The Philadelphia Bourse Building (1893-95) housed a commodities exchange until the 1960s, and is now used for retail and offices

Selected buildings[edit]

Churches[edit]

Residences[edit]

  • "Maybrook" (Henry C. Gibson mansion), Wynnewood, Pennsylvania (1881)[10][11][12]
  • Drexel Development Historic District speculative rowhouses for Anthony Joseph Drexel on the block bounded by Pine, new 39th, Baltimore, and 40th Streets in Philadelphia. (1883)[13]
  • Edwin T. Coxe mansion, 280 W. Walnut Ln., Germantown, Philadelphia (1885)[14]
  • Houston-Sauveur house (Louis C. Sauveur house), 8205 Seminole Ave., Chestnut Hill, Philadelphia (1885)[15]
  • "Druim Moir" (Henry H. Houston mansion), Willow Grove Ave. & Cherokee St., Chestnut Hill, Philadelphia, (1885–86)[16][17]
  • "Brinkwood" (Samuel F. Houston mansion), Chestnut Hill, Philadelphia (1885–86)[18]
  • William Thompson Harris mansion, Highland & Bryn Mawr Aves., Cynwyd, Pennsylvania (1886)[19]
  • Spruce Hill speculative row, 4206-18 Spruce St., Philadelphia (1886)[20]
  • William C. Sharpless house, 5446 Wayne Ave., Germantown, Philadelphia (1886)[21]
  • Henry Lister Townsend house, 6015 Wayne Ave., Germantown, Philadelphia (1887).[22]
  • "Briar Crest" (William Henry Maule mansion), Villanova, Pennsylvania (pre-1897)[23]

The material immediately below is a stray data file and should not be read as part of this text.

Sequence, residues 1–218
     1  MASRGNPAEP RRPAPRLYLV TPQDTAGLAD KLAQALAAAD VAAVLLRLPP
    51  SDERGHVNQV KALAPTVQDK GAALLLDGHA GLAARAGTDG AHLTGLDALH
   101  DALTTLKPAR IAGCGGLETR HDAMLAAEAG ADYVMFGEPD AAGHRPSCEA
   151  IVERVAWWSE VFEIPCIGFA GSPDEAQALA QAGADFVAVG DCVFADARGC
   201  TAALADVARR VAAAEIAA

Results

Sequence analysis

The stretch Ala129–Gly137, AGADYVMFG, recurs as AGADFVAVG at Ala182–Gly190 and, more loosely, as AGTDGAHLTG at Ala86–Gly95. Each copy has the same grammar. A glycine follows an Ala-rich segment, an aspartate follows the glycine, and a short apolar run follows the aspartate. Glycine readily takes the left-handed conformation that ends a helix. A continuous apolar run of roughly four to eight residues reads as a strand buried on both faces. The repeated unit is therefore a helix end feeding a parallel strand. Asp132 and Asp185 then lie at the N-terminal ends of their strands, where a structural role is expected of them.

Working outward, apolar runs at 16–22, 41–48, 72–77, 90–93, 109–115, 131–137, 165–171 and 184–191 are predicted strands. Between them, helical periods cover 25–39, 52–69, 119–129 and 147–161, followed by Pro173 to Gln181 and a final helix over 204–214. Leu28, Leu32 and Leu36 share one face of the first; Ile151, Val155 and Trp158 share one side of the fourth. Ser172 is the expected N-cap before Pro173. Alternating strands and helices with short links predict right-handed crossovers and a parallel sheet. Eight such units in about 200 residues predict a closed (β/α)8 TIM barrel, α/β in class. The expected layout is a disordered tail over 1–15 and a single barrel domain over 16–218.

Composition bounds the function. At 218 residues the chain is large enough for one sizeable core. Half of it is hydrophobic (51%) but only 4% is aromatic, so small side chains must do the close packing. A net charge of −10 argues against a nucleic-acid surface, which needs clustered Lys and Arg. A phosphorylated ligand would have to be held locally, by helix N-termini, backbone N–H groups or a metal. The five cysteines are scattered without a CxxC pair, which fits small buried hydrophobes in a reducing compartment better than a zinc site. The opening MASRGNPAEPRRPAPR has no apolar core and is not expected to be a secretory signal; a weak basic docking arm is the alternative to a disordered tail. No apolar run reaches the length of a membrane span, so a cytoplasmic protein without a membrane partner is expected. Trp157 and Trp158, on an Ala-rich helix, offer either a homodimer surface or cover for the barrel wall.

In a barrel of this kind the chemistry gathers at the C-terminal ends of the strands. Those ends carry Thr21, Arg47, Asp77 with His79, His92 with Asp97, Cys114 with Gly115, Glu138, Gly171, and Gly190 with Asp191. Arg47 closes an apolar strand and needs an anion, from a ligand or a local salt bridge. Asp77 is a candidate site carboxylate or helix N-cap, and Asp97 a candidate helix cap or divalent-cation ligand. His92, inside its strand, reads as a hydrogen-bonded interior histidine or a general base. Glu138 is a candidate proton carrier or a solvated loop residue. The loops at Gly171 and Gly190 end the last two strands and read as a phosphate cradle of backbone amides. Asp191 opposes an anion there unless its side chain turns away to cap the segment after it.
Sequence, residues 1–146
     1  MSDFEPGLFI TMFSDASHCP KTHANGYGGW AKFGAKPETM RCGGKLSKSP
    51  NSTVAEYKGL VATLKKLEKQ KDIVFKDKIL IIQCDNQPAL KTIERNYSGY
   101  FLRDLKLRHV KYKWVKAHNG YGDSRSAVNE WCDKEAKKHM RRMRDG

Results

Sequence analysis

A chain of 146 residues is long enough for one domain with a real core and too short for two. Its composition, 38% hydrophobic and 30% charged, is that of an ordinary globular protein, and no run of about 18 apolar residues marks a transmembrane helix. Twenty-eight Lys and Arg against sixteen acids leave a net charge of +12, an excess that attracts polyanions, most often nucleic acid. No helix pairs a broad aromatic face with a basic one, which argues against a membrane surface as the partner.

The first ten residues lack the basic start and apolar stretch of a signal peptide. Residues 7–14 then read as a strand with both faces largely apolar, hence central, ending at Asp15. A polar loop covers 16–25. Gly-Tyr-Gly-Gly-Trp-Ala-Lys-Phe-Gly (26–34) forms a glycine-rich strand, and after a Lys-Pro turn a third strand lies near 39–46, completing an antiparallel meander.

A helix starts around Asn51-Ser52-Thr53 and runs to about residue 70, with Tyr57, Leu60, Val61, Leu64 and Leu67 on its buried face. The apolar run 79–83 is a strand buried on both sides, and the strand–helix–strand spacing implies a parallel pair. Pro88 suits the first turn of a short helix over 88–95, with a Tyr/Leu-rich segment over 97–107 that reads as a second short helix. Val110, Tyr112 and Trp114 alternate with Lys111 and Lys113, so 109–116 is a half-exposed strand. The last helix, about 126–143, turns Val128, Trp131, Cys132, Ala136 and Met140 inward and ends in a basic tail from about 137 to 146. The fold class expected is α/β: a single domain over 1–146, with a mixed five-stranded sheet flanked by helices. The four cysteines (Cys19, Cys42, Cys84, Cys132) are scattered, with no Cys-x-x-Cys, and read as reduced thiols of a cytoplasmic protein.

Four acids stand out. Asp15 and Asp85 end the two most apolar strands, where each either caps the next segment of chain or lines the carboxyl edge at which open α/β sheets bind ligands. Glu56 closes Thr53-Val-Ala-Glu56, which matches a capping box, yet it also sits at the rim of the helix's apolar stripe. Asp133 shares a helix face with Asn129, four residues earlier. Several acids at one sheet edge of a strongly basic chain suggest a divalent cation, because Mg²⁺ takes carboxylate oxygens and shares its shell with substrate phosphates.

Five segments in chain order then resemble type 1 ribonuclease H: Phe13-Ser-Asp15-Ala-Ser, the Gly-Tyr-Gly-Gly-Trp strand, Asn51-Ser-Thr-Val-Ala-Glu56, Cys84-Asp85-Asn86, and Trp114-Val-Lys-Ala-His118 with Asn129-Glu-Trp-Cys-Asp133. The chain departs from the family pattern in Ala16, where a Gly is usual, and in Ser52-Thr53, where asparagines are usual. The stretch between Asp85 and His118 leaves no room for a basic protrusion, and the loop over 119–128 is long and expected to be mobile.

• Boldt Castle, Heart Island, Alexandria Bay, New York (1900–04)[24]
  • Music room addition to Horace Brock house, 1920 Spruce St., Philadelphia (1902–03), (now Helen Corning Warden Theater, Academy of Vocal Arts)[25]

Hotels, businesses and institutional buildings[edit]

Gallery[edit]

See also[edit]

References[edit]

Notes

  1. ^ David R. Contosta, Suburb in the City: Chestnut Hill, Philadelphia, 1850-1990 (Ohio State University Press, 1992)
  2. ^ Louis Sullivan, Autobiography of an Idea (1924; reprint, New York: Dover, 1956), pp. 190-96.
  3. ^ James B. Garrison, Houses of Philadelphia: Chestnut Hill and the Wissahickon Valley (New York: Acanthus Press, 2008) p. 295.
  4. ^ Providence Presbyterian Church
  5. ^ St John's Church
  6. ^ St. Martin in the Fields